By William Swaney, Expression Therapeutics
Cell and gene therapy (CGT) companies transitioning from pure R&D and early preclinical work into clinical-phase development face several critical challenges. Key among them is the decision whether to outsource GMP manufacturing or to invest time, capital, and personnel toward development of in-house manufacturing capabilities.
It is vital to recognize each CGT program as unique and to carefully consider the inherent product needs — not only in early discovery but, more optimistically, through clinical testing and commercialization. An organization with high expectations for its product candidates and platforms will find it prudent to develop a customized process development plan for each product. That plan should include scale-up, but balance it against competing interests, such as time to clinical trial, phase of development, amount of product required per dose, need for single or repeat dosing, and justification of urgency (i.e., unmet medical needs where no suitable alternative treatments are available).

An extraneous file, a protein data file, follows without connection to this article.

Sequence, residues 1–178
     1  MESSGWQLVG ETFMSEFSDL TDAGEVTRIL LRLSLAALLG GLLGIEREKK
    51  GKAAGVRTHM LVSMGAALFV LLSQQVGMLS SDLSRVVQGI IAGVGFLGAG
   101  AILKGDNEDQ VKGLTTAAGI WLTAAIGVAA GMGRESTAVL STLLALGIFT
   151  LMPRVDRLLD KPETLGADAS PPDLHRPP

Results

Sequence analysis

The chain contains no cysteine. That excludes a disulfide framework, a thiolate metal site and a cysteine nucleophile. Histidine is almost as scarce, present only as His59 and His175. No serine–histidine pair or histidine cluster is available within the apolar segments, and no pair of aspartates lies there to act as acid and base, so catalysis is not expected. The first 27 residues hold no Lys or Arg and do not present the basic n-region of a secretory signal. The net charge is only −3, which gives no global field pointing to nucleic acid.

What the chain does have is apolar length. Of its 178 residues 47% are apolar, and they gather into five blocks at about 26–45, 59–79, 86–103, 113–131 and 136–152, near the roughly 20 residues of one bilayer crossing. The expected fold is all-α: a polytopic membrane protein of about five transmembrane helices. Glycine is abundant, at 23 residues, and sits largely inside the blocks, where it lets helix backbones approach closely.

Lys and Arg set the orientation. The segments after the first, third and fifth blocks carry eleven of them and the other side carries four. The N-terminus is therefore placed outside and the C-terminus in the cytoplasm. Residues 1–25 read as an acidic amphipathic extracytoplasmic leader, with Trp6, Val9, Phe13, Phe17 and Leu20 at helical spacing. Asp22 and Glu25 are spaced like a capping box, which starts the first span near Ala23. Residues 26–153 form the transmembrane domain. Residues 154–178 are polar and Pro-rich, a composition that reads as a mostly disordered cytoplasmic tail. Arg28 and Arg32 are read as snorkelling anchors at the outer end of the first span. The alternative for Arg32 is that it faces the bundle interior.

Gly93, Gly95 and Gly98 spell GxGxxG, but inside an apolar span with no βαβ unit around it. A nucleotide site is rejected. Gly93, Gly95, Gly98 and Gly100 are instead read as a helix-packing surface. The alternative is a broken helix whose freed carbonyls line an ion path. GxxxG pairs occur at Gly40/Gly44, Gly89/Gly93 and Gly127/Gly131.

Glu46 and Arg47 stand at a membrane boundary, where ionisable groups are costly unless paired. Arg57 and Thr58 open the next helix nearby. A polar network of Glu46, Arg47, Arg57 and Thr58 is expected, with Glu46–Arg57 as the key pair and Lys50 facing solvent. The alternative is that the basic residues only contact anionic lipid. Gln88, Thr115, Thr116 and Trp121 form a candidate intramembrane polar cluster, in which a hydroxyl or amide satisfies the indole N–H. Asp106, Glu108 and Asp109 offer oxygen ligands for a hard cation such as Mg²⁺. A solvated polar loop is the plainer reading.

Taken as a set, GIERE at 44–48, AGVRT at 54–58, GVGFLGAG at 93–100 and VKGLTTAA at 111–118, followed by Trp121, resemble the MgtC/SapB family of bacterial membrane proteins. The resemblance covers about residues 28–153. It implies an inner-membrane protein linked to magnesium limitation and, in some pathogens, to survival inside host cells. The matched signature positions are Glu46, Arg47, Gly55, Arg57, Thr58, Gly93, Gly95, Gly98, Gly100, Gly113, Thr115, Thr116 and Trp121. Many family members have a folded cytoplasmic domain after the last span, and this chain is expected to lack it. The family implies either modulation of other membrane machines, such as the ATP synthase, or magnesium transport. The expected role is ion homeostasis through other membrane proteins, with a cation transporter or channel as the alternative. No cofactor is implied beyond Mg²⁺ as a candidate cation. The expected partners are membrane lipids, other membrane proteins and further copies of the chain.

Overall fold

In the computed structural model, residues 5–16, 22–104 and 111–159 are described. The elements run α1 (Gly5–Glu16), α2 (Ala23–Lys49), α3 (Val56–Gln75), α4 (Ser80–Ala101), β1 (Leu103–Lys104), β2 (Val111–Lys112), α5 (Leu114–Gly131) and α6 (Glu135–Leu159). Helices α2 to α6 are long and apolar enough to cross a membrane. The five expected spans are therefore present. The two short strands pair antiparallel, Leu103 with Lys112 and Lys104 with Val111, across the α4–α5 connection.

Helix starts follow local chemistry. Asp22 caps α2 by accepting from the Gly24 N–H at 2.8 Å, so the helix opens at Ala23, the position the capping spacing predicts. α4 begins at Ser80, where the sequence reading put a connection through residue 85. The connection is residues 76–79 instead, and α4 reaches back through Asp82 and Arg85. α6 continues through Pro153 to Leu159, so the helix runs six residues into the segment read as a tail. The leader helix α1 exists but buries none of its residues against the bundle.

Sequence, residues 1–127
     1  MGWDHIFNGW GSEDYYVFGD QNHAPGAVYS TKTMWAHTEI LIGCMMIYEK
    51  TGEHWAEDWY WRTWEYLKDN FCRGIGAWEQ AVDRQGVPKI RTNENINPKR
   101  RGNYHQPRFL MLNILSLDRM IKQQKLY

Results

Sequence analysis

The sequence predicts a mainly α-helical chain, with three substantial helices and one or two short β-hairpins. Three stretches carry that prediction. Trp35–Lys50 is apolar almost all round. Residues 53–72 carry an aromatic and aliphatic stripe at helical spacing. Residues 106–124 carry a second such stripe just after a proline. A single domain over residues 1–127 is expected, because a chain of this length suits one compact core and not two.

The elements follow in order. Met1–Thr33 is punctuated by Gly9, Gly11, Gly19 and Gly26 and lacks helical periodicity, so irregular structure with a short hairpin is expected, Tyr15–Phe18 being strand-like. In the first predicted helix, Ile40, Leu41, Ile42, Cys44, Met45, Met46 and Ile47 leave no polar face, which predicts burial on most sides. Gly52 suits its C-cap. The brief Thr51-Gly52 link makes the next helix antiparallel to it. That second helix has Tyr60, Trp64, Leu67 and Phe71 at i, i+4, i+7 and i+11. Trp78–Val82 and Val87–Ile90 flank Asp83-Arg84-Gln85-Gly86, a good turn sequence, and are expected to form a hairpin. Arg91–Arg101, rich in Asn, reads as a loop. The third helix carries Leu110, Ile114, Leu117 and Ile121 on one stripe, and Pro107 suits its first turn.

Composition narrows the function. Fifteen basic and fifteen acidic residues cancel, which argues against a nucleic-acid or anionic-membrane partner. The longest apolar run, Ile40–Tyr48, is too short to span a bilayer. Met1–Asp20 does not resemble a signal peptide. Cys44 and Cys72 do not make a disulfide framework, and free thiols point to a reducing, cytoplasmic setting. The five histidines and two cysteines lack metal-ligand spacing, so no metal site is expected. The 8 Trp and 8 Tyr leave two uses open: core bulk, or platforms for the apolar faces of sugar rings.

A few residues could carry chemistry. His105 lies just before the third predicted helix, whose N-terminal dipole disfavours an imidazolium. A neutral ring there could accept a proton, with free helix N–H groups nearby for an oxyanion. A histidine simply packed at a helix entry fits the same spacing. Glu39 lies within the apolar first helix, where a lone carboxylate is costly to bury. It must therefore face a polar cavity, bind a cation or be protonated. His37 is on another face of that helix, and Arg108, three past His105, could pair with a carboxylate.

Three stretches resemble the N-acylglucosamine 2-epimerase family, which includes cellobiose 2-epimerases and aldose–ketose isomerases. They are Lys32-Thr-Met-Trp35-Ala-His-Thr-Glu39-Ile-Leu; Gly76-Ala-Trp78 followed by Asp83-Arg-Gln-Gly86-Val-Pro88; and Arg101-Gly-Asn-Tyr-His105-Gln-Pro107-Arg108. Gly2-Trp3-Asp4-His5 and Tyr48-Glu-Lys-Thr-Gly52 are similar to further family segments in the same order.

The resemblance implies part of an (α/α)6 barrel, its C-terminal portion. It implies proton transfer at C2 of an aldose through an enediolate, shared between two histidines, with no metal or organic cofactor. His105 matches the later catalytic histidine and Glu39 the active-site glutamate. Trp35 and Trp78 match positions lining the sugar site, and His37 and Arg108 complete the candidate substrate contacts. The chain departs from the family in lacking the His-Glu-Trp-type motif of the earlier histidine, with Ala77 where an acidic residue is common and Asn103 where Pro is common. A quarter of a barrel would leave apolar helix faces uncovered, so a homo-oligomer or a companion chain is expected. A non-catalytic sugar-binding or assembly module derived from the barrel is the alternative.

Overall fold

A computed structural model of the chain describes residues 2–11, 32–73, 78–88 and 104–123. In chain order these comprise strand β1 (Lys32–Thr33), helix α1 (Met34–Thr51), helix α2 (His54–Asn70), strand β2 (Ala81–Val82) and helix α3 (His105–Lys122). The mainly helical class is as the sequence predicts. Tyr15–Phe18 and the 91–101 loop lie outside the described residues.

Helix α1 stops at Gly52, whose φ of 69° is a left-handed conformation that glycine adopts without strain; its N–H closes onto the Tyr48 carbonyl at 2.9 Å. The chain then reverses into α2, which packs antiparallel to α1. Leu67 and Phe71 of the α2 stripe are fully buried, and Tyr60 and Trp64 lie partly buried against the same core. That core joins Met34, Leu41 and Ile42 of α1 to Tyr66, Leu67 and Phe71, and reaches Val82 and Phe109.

Due to the inherent complexity of cell and gene therapy products and manufacturing processes, it is crucial for sponsors to conduct due diligence before committing to a partner, be it a therapeutics company, a CDMO, or a supplier. Obviously, shared corporate culture, vision, and mission are important parameters for evaluating partners. Robust and scalable platform technology approaches that provide seamless transition from scaled-down bench research to pilot GMP applications, through to large-scale commercial manufacture, are advantageous. The ability of the technology to interface with the eQMS, EBR, and ERP systems is desirable. And both partners need to have the depth, resources, and a record of success to attract each other and support relationship longevity.